It was a real food lover's week...
Last Sunday, there was a panel discussion at the Durham County Library's Southwest branch with local chefs. Alice Sharpe made the introductions for "Durham: Culinary Hot Spot." It was part of the Humanities Programs at the library. Ann Prospero, author of Chefs of the Triangle, moderated. On hand were Amy Tournquist of Watts Grocery, Marco Shaw of Piedmont, Seth Gross, formerly of Wine Authorities and soon opening Bull City Burger and Brewery, Jim Anile of Revolution, Chris Stinnett of Rue Cler and Pop's, and Andy Magowan, former owner of Piedmont and soon opening a new restaurant-beer garden in downtown Durham. We are very lucky eaters here in Durham. I was struck by the sense of camaraderie among these chefs. They were all very funny, too. Someone in the audience commented that there is "so much personality behind such good food." Very true. Parking in downtown Durham was a hot topic of discussion. Revolution offers valet parking. Someone asked how the residents of Durham could support the chefs and their restaurants. The responses -- "Keep eating." "Eat early and often." "Stop going on vacation all summer." One woman commented that she frequents their restaurants too often, to which they responded that that isn't possible!
Then, on Monday, it was crêpe-making day with my 6th graders.
Vin Rouge, one of my favorites. She and her mom went there for dinner.
The preferred fillings for the crêpes--
Maple View Farm chocolate milk. I had to remedy that tout de suite! This is absolutely the best chocolate milk ever. Even better than a chocolate milk shake. When my children were in pre-school, one of their field trips was to Maple View to feed the calves and taste milk and ice cream. Yes, I chaperoned that trip- twice!
Friday, I decided to have a few girlfriends over for un apéro after school. I am thankful for my friends and wanted to show them. My guys were busy with basketball and I do not have after school study hall duty on Fridays. Arles Lucy and the BFF stayed for a while and we shared stories and laughed a lot. We ate lovely little snacks--
--bread from Guglhupf (interesting shape, n'est-ce pas?)
-- and chocolate (none left to photograph...).
And my final project of the weekend was to make Dorie Greenspan's French apple cake from her new cookbook, Around My French Table. I found it on David Lebovitz' blog (and then bought the book for myself!). It is truly delicious. (Both the book and the cake.)
I made it first thing Sunday morning. That is my favorite time to bake-- the house is quiet, boys and cats are still asleep. I love to fill up the air with great smells. I chose four different kinds of apples, just as Dorie suggests, Granny Smith, Braeburn, Jonagold and Mountaineer.
Marie-Hélène's Apple Cake
(from Around My French Table by Dorie Greenspan)
Makes 8 servings
3/4 c. all-purpose flour
3/4 tsp. baking powder
Pinch of salt
4 large apples (if you can, choose 4 different kinds)
2 large eggs
3/4 c. sugar
3 Tbsp. dark rum
1/2 tsp. pure vanilla extract
8 Tbsp. (1 stick) unsalted butter, melted and cooled
Center a rack in the oven and preheat the oven to 350˚F. Generously butter an 8-inch springform pan. Line a baking sheet with a silicone mat or parchment paper and put the springform pan on it.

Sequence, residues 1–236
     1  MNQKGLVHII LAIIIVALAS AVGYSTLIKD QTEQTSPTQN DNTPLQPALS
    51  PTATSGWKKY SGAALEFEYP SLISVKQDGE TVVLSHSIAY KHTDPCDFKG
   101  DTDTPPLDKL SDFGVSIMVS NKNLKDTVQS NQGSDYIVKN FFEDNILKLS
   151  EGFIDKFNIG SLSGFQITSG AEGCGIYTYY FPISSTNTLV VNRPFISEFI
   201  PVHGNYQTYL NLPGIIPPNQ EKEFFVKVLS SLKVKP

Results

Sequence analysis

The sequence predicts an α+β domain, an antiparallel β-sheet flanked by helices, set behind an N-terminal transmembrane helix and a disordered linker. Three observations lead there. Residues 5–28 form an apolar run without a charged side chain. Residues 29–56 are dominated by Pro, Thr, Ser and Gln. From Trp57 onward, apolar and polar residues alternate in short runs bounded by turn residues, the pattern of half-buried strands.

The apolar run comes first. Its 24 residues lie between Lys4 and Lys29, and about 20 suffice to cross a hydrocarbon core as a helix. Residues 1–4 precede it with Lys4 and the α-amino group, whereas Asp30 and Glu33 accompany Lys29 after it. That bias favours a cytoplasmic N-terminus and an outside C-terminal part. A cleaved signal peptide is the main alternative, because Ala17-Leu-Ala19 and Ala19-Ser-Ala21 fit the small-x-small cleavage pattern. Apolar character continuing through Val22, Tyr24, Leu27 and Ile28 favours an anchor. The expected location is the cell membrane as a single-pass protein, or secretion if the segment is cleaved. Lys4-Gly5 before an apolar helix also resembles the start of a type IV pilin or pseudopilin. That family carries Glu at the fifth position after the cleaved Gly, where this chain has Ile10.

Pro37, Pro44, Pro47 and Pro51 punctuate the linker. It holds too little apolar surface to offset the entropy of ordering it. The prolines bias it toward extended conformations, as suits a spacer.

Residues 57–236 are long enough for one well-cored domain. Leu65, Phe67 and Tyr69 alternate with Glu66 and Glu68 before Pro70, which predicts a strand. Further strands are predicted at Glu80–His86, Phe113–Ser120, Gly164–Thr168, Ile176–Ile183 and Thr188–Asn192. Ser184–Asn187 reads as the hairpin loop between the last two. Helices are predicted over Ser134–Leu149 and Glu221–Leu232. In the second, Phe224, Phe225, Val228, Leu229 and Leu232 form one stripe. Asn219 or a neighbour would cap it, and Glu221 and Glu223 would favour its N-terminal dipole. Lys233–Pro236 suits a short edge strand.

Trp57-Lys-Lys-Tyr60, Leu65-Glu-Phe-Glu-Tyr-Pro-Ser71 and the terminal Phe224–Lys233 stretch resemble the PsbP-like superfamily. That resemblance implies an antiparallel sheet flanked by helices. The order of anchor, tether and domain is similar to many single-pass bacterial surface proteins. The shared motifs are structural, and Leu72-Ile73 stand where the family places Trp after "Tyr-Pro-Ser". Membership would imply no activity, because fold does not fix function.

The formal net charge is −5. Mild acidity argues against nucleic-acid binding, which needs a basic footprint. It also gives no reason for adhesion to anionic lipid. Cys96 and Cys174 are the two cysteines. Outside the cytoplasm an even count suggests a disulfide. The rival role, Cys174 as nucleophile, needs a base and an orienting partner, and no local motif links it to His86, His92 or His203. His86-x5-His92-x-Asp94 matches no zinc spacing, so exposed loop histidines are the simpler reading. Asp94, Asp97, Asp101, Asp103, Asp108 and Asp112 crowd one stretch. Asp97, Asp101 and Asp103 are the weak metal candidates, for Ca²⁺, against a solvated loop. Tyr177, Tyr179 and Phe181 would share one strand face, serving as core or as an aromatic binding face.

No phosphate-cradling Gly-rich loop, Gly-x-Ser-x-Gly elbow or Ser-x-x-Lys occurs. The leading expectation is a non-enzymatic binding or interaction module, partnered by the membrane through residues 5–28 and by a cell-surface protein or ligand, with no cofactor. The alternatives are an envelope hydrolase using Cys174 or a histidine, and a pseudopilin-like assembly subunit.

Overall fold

Whisk the flour, baking powder and salt together in a small bowl.
Peel the apples, cut them in half, and remove the cores. Cut the apples into 1- to 2- inch chunks.
In a medium bowl, beat the eggs with a whisk until they're foamy. Pour in the sugar and whisk for a minute or so to blend. Whisk in the rum and vanilla. Whisk in half the flour and, when it is incorporated, add half the melted butter, followed by the rest of the flour and the remaining butter, mixing gently after each addition so that you have a smooth, rather thick batter. Switch to a rubber spatula and fold in the apples, turning the fruit so that it's coated with batter. Scrape the mix into the pan and poke it around a little with the spatula so that it's evenish.
Slide the pan into the oven and bake for 50 to 60 minutes, or until the top of the cake is golden brown and a knife inserted deep into the center comes out clean; the cake may pull away from the sides of the pan.
Carefully run a blunt knife around the edges of the cake and remove the sides of the springform pan. (Open the springform slowly, and before it's fully opened, make sure there aren't any apples stuck to it.) Allow the cake to cool until it is just slightly warm or at room temperature. If you want to remove the cake from the bottom of the springform pan, wait until the cake is almost cooled, then run a long spatula between the cake and the pan, cover the top of the cake with a piece of parchment or wax paper, and invert it onto a rack. Carefully remove the bottom of the pan and turn the cake over onto a serving dish.
The cake can be served warm or at room temperature, with or without a little softly whipped barely sweetened heavy cream or a spoonful of ice cream. Marie-Hélène served her cake with cinnamon ice cream, and it was a terrific combination.
The cake will keep for about 2 days at room temperature and, according to my husband, gets more comforting with each passing day. However long you keep the cake, it's best not to cover it-- it's too moist. Leave the cake on its plate and just press a piece of plastic wrap or wax paper against the cut surfaces.
P.S. I just noticed that today's French word of the day (on the side of the blog) is régime-- diet. Ha! And the sentence-- Après les excès des fêtes, il veut se mettre au régime. After the holiday excess, he wants to go on a diet.
Bon appétit, to Dorie and all my eaters!